56. Matthew 8:27 sn Jesus’ authority over creation raised a question for the disciples about his identity (What sort of person is this?). This verse shows that although the disciples followed Jesus, their understanding of who he was at this point was incomplete.
  57. Matthew 8:28 tc The textual tradition here is quite complicated. A number of mss (B C (Δ) Θ sys,p,h) read “Gadarenes,” which is the better reading here. Many other mss (א2 L W ƒ1, 13 565 579 700 1424 M al bo) have “Gergesenes.” Others (892c latt syhmg sa mae) have “Gerasenes,” which is the reading followed in Luke 8:26. The difference between Matthew and Luke may be due to uses of variant regional terms. Of the three readings, Gergesa is most likely the right location for this exorcism (the only region close to the Sea of Galilee and with a steep bank [κρημνός in Mark 5:13]) but almost surely a secondary reading in all the Synoptics. As Baarda articulated, this variant is quite possibly due to a conjecture made by Origen, a reading which then made its way into sevral mss (Tjitze Baarda, “Gadarenes, Gerasenes, Gergesenes and the ‘Diatassaron’ Traditions,” in Neotestamentica et Semitica: Studies in Honour of Matthew Black, ed. E. Earle Ellis and Max Wilcox [Edinburgh: T&T Clark, 1969], 181-97). sn The region of the Gadarenes would be in Gentile territory on the southeastern side of the Sea of Galilee across from Galilee. Luke 8:26 and Mark 5:1 record this miracle as occurring “in the region of the Gerasenes.” “Irrespective of how one settles this issue . . . the chief concern is that Jesus has crossed over into Gentile territory, ‘opposite Galilee’” (J. B. Green, Luke [NICNT], 337). The region of Gadara extended to the Sea of Galilee and included the town of Sennabris on the southern shore—the town that the herdsmen most likely entered after the drowning of the pigs.
  58. Matthew 8:28 sn Unlike the portrayal of the demoniac in the parallel passage in Mark 5:5-6 which evokes some pity for the afflicted man, Matthew’s account merely suggests the demoniacs were a public nuisance: they were extremely violent and rendered the road impassable.
  59. Matthew 8:29 tn Grk “And behold, they cried out, saying.” The Greek word ἰδού (idou) has not been translated because it has no exact English equivalent here, but adds interest and emphasis (BDAG 468 s.v. 1). The participle λέγοντες (legontes) is redundant and has not been translated.
  60. Matthew 8:29 tn Grk “what to us and to you?” (an idiom). The phrase τί ἡμῖν καὶ σοί (ti hēmin kai soi) is Semitic in origin, though it made its way into colloquial Greek (BDAG 275 s.v. ἐγώ). The equivalent Hebrew expression in the OT had two basic meanings: (1) When one person was unjustly bothering another, the injured party could say “What to me and to you?” meaning, “What have I done to you that you should do this to me?” (Judg 11:12, 2 Chr 35:21, 1 Kgs 17:18). (2) When someone was asked to get involved in a matter he felt was no business of his own, he could say to the one asking him, “What to me and to you?” meaning, “That is your business, how am I involved?” (2 Kgs 3:13, Hos 14:8). These nuances were apparently expanded in Greek, but the basic notions of defensive hostility (option 1) and indifference or disengagement (option 2) are still present. BDAG suggests the following as glosses for this expression: What have I to do with you? What have we in common? Leave me alone! Never mind! Hostility between Jesus and the demons is certainly to be understood in this context, hence the translation: “Leave us alone….”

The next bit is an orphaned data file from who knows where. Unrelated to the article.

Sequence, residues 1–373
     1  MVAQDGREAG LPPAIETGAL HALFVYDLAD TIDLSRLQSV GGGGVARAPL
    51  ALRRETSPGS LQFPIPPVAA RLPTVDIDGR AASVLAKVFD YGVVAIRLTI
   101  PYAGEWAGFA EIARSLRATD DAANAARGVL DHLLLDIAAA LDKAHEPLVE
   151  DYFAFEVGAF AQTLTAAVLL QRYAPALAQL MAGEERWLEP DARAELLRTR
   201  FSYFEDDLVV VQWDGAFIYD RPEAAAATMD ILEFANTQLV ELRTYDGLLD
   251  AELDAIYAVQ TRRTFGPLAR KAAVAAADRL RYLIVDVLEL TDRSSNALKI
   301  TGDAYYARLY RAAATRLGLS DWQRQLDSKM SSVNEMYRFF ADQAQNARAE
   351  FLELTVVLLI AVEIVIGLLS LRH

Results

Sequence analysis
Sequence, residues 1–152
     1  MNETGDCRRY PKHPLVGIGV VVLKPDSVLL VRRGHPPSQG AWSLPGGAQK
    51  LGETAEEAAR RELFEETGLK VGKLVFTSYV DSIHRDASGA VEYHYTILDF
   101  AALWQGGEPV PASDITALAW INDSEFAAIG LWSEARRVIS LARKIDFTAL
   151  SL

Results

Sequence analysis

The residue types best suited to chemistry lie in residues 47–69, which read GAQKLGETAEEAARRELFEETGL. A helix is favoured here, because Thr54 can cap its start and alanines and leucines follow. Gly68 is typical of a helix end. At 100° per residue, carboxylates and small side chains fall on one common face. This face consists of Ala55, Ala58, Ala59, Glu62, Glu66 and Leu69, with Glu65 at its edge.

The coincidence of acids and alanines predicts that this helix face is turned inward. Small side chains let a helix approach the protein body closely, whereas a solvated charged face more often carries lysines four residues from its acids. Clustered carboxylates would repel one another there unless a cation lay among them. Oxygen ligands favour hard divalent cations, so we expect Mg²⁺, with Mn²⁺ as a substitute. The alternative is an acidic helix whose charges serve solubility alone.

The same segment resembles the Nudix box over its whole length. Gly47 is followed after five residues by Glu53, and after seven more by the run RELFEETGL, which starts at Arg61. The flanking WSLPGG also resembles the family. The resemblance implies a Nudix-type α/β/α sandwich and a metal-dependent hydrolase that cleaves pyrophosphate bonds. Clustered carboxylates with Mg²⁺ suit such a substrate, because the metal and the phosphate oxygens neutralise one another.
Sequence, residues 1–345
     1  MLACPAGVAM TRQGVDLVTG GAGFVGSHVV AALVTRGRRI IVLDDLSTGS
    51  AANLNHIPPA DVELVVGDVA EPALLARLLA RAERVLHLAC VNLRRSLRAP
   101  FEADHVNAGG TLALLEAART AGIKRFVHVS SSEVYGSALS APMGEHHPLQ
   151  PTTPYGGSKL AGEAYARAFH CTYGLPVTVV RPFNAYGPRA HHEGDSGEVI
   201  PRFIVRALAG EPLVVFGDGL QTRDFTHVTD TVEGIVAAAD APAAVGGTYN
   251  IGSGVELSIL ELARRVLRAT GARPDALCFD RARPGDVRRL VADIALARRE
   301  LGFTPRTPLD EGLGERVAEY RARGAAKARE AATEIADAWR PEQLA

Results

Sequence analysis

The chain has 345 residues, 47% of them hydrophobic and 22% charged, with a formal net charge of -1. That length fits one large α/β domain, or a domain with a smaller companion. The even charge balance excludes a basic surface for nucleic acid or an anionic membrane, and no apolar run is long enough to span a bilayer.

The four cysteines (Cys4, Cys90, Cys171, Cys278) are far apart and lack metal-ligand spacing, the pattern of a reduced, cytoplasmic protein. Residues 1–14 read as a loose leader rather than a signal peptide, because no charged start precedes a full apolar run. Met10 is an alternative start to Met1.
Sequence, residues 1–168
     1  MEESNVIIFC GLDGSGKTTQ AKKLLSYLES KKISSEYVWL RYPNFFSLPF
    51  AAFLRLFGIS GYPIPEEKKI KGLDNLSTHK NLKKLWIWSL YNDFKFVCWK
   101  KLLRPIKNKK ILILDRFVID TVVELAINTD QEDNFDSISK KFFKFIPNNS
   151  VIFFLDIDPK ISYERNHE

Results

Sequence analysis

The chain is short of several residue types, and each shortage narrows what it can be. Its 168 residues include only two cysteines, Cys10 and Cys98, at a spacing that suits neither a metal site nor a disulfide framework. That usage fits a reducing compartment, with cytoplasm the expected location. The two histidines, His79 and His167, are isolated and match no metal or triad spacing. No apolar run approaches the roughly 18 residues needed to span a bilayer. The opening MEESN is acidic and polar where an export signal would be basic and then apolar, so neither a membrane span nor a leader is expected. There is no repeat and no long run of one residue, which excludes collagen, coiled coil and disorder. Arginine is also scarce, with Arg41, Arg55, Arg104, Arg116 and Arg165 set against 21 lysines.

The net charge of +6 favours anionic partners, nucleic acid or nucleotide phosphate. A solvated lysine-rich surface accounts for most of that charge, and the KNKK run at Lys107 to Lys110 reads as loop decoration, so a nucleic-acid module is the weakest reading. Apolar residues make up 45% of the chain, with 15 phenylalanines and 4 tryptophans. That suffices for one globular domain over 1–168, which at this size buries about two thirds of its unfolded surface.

61. Matthew 8:29 sn The question reflects the view that there was an appointed time in which demons would face their judgment, and they seem to have viewed Jesus’ arrival on the scene as an illegitimate change in God’s plan regarding the time when their sentence would be executed.
  62. Matthew 8:30 tn Here δέ (de) has not been translated.
  63. Matthew 8:30 sn The commercial raising of pigs indicates that this is not Jewish territory (cf. m. B. Qam. 7:7, “They do not rear pigs anywhere”).
  64. Matthew 8:31 tn Grk “asked him, saying.” The participle λέγοντες (legontes) is redundant in contemporary English and has not been translated.
  65. Matthew 8:31 sn No explanation is given in the text for the relationship between the demons and the herd of pigs. Some have suggested a link between the uncleanness of demons and the ceremonial uncleanness of pigs within Judaism. Less likely is the suggestion that pigs as sacrificial animals in the non-Jewish world somehow alludes to worship of demons.
  66. Matthew 8:32 tn Grk “And he said to them.”
  67. Matthew 8:32 tn Here δέ (de) has been translated as “so” to indicate a conclusion and transition in the narrative.
  68. Matthew 8:32 sn Whatever the relationship between the demons and the pigs, the destructiveness of the demons is certainly emphasized by the drowning of their new hosts.
  69. Matthew 8:33 tn Here δέ (de) has not been translated.
  70. Matthew 8:33 tn Or “city.” But see the sn on “Gadarenes” in 8:28.
  71. Matthew 8:34 tn Here καί (kai) has been translated as “then” to indicate the implied sequence of events within the narrative. The Greek word ἰδού (idou) has not been translated because it has no exact English equivalent here, but adds interest and emphasis (BDAG 468 s.v. 1).
  72. Matthew 8:34 tn Or “city.” Here the term is a metonymy for the inhabitants.